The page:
Bob Neill, the Shadow Minister for Local Government and Planning, calls for more "fair play", as he pledges new measures to tackle illegal development and trespass.
The Conservatives have announced new plans to tackle widespread public concern about the exploitation of the planning system.
A new policy blueprint will pledge to address the small minority of travellers who occupy illegal or unauthorised sites. "The British public want to see fair play for all, rather than special treatment being given to some", Neill said.
"Labour’s changes have undermined community cohesion by creating a legitimate sense of injustice in the planning system".
The proposals will include plans to:
- Create a new criminal offence of intentional trespass. Trespassers who refuse to move after being asked to do so by a uniformed police officer will face arrest. This will allow both squatters and travellers occupying property without permission of the landowner to be removed quickly.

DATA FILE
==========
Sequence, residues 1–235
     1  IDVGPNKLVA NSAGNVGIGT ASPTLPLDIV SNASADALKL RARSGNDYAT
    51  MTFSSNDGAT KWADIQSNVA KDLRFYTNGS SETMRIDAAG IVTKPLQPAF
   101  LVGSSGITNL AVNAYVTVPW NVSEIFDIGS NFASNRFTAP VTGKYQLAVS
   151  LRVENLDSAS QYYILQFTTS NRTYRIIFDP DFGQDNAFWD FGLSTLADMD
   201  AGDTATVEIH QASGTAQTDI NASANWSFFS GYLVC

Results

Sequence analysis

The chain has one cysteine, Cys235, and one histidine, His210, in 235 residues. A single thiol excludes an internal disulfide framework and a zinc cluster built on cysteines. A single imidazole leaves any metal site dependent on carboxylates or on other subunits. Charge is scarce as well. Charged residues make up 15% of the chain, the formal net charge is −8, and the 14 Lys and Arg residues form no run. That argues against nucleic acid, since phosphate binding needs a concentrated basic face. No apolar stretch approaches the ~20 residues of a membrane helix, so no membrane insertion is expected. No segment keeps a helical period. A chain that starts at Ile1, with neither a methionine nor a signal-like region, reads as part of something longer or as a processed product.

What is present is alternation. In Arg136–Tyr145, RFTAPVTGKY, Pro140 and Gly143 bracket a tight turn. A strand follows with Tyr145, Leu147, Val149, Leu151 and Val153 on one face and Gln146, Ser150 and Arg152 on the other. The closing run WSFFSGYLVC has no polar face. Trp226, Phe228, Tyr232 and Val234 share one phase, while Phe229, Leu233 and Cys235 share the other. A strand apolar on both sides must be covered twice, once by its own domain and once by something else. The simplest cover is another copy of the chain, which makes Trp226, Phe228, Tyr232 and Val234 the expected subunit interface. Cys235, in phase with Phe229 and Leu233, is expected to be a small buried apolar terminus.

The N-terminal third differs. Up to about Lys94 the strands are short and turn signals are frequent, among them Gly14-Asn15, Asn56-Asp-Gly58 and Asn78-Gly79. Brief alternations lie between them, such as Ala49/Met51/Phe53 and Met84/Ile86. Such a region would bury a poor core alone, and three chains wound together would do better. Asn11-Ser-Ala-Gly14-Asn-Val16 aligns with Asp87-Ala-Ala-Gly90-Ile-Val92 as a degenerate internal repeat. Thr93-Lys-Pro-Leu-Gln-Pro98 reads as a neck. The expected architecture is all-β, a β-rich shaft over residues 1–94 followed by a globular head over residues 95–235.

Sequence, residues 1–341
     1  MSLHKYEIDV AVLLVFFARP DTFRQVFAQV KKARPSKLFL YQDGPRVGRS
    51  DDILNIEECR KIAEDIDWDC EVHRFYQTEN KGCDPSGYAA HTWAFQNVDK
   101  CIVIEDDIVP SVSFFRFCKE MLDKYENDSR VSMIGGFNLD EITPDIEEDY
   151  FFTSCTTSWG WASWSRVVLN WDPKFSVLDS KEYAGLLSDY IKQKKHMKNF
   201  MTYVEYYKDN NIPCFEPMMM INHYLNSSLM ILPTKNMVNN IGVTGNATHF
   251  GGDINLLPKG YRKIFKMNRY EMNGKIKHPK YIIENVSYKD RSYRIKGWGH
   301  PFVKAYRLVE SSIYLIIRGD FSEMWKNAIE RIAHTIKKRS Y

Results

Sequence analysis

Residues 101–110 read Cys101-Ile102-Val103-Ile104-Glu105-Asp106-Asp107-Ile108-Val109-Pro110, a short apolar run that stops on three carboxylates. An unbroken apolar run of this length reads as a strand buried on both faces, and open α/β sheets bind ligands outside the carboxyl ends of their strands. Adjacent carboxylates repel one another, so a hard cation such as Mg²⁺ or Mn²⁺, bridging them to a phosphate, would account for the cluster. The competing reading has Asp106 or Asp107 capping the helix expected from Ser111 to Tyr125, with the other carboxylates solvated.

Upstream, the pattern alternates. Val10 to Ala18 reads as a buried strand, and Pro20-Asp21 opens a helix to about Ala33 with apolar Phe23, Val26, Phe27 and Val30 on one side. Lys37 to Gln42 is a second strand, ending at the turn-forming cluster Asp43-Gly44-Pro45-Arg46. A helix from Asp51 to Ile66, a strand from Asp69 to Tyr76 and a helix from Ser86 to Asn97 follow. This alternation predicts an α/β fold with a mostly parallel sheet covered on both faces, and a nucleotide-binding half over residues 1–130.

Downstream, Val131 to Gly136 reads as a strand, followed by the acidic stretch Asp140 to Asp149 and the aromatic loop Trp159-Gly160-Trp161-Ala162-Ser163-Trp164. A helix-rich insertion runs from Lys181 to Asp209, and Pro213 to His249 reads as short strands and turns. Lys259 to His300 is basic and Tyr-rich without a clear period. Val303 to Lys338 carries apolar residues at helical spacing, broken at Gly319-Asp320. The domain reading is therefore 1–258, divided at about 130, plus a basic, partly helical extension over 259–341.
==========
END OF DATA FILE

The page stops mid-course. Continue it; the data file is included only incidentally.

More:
- Curtail the ability to apply for retrospective planning permission. This will stop the practice of people laying down concrete on weekends or bank holidays and then putting in a planning application.
- Scrap John Prescott’s unfair Whitehall planning rules, which are compelling councils to build traveller camps on the Green Belt and compulsory purchase people’s land to find sites.
- Give tougher ‘stop notice’ enforcement powers to councils with authorised sites, and support central funding for councils to build authorised sites – rather than it failing to local taxpayers.
- The Human Rights Act will be replaced with a British Bill of Rights to prevent 'human rights' lawyers sidestepping the planning system and demanding special treatment.
Neill added that whilst it's understandable that law-abiding citizens have to "jump through many hoops" to build in rural areas, "it’s wrong that certain groups have been given a green light to bypass those rules and concrete over the Green Belt when no-one’s looking".